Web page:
I tested positive for COVID-19 on March 23rd. It was so early on in the process of businesses shutting down, quarantine starting, and life changing indefinitely, that it seemed unbelievable that I could have caught the virus so quickly. When I stopped feeling sick after three weeks of quarantining in my house, I found out that Héma-Québec was doing a study on people who have recovered from COVID-19. They were looking for convalescent plasma as a possible treatment for the virus, based on the theory that people who have recovered may have antibodies that can be used as an immunotherapy.
I immediately reached out to them, and heard back two weeks later for a pre-selection interview. Three questions in, I was asked if I had had a sexual encounter with another man in the past three months, and I answered yes. Then, the tone shifted, and the interviewer told me I had been disqualified and that I could only donate plasma once I had been abstinent for three months. I was in such disbelief, I hung up the phone immediately.
I have always been aware of the blood ban policy for men who have sex with men. I have never donated blood because the policy requires donors to not have had sexual contact with another man for the past three months. I knew this. However, when I got this phone call, it never even occurred to me to think of that, because we were living in an unprecedented world-wide crisis. People were dying, and I was one of the few who could potentially help.
After I hung up the phone, I began to bubble furiously. It wasn’t only because I wasn’t able to help, or only because of the archaic nature of the policy. I was mad because this policy was potentially letting more people die of the virus and keeping the quarantined from being able to live their lives. If they believed this was a possible treatment, then there should have been a more effective line of questioning to see if I had HIV, instead of assuming all gay men naturally do. They hadn’t asked if I was in a monogamous relationship, if I had multiple experiences, whether I used a condom, or even if I had had penetrative sex. Simply “a homosexual encounter”.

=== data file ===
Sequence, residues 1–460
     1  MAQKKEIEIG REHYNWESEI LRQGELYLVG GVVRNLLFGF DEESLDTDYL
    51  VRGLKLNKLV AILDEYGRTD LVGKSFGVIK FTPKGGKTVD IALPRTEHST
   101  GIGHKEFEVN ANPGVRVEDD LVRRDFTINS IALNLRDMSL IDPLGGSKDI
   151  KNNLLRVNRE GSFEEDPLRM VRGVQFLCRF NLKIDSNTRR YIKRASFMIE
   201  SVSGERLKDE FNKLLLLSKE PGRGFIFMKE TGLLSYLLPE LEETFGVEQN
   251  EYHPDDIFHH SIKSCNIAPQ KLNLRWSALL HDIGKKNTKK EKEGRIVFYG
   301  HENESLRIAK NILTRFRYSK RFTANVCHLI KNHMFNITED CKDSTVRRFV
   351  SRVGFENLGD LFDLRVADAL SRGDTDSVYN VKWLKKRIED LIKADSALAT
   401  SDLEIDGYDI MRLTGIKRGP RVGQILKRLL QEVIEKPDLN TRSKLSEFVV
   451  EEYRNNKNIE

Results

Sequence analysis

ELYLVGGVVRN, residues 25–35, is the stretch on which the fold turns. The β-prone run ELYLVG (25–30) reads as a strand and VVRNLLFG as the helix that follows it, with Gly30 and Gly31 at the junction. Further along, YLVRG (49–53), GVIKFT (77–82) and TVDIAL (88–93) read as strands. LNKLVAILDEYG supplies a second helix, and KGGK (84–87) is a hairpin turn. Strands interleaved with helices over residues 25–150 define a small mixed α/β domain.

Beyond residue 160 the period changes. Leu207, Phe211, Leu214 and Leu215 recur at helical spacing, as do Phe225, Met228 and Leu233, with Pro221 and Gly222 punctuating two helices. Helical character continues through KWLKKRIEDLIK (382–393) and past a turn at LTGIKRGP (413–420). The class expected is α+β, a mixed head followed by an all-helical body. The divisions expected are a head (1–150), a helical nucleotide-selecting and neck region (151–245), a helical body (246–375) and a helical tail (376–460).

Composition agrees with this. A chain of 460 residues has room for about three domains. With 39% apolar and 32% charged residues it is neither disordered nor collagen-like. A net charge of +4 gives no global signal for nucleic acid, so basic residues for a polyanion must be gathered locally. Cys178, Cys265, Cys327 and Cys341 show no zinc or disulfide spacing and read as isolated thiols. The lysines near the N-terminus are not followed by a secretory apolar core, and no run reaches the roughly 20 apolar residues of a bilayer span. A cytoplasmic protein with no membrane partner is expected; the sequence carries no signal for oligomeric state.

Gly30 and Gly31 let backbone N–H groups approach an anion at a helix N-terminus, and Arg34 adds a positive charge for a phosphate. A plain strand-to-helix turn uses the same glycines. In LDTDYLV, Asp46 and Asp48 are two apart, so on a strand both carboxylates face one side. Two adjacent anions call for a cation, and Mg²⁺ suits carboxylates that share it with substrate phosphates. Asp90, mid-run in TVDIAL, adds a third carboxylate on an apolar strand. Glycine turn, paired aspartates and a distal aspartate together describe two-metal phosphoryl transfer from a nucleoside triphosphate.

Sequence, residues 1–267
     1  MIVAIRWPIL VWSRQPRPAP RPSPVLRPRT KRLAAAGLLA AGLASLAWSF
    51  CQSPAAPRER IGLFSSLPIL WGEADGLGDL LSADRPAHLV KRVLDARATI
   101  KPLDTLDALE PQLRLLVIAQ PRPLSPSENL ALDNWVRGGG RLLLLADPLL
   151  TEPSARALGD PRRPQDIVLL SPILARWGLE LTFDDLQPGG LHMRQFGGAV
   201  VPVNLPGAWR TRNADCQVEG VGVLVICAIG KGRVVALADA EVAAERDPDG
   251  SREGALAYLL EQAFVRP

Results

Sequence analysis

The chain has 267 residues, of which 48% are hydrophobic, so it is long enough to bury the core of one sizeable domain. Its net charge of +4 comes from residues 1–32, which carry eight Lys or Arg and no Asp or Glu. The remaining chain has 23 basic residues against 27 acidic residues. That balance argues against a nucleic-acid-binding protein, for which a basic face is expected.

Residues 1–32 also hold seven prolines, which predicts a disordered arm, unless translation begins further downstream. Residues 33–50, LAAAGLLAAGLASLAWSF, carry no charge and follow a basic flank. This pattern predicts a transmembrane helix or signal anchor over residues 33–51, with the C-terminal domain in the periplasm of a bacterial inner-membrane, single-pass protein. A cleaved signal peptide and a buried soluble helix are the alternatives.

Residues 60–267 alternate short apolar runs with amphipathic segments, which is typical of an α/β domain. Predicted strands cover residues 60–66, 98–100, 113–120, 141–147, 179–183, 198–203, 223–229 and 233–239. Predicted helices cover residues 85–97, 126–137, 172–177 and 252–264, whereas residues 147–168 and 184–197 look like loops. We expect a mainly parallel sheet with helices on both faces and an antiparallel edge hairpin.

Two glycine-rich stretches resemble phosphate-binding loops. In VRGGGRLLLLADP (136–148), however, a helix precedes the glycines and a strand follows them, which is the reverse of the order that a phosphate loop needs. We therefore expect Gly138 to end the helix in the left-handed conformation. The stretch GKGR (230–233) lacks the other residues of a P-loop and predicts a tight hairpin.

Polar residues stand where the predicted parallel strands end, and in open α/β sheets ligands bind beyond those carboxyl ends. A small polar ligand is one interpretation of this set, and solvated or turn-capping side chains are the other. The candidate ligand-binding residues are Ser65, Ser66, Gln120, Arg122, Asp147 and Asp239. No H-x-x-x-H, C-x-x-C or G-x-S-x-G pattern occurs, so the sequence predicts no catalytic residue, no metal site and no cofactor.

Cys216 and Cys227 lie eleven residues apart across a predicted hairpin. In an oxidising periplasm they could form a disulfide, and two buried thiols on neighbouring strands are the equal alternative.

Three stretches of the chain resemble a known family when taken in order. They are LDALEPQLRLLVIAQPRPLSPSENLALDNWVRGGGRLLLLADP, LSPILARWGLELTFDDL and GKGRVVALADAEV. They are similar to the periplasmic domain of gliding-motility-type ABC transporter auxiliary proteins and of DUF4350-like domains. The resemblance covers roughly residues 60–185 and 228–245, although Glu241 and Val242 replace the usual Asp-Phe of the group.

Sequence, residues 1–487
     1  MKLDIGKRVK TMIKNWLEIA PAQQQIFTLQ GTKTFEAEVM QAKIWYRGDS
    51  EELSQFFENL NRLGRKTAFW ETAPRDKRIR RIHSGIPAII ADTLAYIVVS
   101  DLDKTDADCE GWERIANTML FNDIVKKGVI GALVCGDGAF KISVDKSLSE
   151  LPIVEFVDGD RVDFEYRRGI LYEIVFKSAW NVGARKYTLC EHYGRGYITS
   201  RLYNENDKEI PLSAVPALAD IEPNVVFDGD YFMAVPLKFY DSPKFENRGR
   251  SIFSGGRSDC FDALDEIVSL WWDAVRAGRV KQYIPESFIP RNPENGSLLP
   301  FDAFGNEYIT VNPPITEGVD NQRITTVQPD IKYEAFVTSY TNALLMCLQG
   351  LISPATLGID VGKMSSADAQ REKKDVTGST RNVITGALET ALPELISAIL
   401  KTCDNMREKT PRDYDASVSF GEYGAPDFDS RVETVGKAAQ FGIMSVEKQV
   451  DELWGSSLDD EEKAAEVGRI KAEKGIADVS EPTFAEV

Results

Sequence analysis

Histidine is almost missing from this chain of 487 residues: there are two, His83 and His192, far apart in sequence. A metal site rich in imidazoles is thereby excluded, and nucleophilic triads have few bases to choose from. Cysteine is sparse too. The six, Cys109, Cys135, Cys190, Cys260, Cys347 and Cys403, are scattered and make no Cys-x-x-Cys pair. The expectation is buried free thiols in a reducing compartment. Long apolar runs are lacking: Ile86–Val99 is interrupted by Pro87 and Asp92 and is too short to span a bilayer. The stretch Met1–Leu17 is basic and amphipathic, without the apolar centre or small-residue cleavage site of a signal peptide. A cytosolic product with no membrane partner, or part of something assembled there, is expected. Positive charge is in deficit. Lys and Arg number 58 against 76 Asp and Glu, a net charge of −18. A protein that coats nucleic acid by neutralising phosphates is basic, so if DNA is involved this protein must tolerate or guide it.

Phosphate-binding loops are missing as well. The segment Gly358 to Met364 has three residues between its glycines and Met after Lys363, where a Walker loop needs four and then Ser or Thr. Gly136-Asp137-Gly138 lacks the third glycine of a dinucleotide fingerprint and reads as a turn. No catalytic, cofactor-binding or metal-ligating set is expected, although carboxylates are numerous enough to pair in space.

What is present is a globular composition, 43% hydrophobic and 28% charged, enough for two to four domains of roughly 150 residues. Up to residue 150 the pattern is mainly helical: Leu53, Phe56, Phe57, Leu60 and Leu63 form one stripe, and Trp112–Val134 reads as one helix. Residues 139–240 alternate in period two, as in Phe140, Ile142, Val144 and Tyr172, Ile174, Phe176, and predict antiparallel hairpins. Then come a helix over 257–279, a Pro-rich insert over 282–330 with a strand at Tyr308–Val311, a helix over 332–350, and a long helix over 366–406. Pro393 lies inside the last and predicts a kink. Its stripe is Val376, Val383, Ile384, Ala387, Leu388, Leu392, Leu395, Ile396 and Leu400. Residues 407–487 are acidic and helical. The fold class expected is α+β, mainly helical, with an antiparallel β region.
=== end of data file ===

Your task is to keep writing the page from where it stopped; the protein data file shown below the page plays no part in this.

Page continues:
Convinced by my life-long activist father, I posted the story to my Instagram and alerted the media. I didn’t know what my end-goal was, but the reaction I received was very surprising: most people didn’t know this ban existed, including some queer men. People began sharing my story because of their shock, demanding for a change of the policy. Taking advantage of the sudden media attention, I made a petition. It garnered over 3600 signatures in less than two weeks. CTV, CBC, CityNews, and several other news programs shared the story, making many in Quebec and across Canada question why this policy was still around.
When I initially posted my experience to Instagram, Héma-Québec commented on the post and accused me of “spreading hate.” After being called out for trying to make me feel guilty about sharing my experience, Dr. Marc Germain, a vice president at Héma-Québec, apologized on their behalf when asked by CTV. In the apology, they promised they were working on policy changes, but that it would take time. Meanwhile, they continued to counter my petition elsewhere by reinforcing stigmatizing ideas about HIV and queer men, suggesting the risk for heterosexuals was “marginal” and “about one chance in 30 million”. Last time I checked, HIV impacts straight folks too, with approximately a third of Canadians living with HIV receiving the virus through heterosexual sex.
Queer men and other disenfranchised groups are very used to experiencing this sort of response. We are used to being blamed for wanting answers, for wanting equal rights, for wanting acceptance in society. When we ask to be treated with respect, we are told we are asking for too much.
Countries such as Italy and Mexico replaced discriminatory blood donor policies in favour of risk-assessment policies many years ago. The excuse that more research is needed in order to adopt a gender-neutral policy that screens all Canadians the same – regardless of sex assigned at birth, gender identity, or sexual orientation – is ludicrous. Not only have these studies been done internationally, but they have been done here. The time to change the policy was about twenty years ago. It’s long-past due.
Written by Adam Capriolo.
Adam Capriolo is an actor and filmmaker born and raised in Montreal, appearing as a regular on Freeform's TV series The Bold Type for four seasons. He infuses his writing and filmmaking work with a commitment to societal change.
* The views expressed in this article are solely those of the author(s) and do not necessarily reflect the policies or opinions of CBRC or its funders.